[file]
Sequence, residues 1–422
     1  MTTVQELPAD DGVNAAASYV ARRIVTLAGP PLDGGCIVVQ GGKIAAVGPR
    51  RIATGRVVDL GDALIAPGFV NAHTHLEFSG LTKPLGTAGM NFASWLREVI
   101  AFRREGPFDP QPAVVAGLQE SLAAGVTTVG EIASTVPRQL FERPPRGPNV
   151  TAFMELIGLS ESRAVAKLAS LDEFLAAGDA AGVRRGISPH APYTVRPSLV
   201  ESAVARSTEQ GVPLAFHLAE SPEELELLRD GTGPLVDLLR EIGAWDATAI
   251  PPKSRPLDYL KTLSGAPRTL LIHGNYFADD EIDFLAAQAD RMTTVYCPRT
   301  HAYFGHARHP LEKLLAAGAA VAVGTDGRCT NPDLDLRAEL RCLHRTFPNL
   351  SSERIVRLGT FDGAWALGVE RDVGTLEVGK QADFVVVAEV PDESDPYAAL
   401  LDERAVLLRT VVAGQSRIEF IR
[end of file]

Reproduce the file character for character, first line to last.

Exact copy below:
Sequence, residues 1–422
     1  MTTVQELPAD DGVNAAASYV ARRIVTLAGP PLDGGCIVVQ GGKIAAVGPR
    51  RIATGRVVDL GDALIAPGFV NAHTHLEFSG LTKPLGTAGM NFASWLREVI
   101  AFRREGPFDP QPAVVAGLQE SLAAGVTTVG EIASTVPRQL FERPPRGPNV
   151  TAFMELIGLS ESRAVAKLAS LDEFLAAGDA AGVRRGISPH APYTVRPSLV
   201  ESAVARSTEQ GVPLAFHLAE SPEELELLRD GTGPLVDLLR EIGAWDATAI
   251  PPKSRPLDYL KTLSGAPRTL LIHGNYFADD EIDFLAAQAD RMTTVYCPRT
   301  HAYFGHARHP LEKLLAAGAA VAVGTDGRCT NPDLDLRAEL RCLHRTFPNL
   351  SSERIVRLGT FDGAWALGVE RDVGTLEVGK QADFVVVAEV PDESDPYAAL
   401  LDERAVLLRT VVAGQSRIEF IR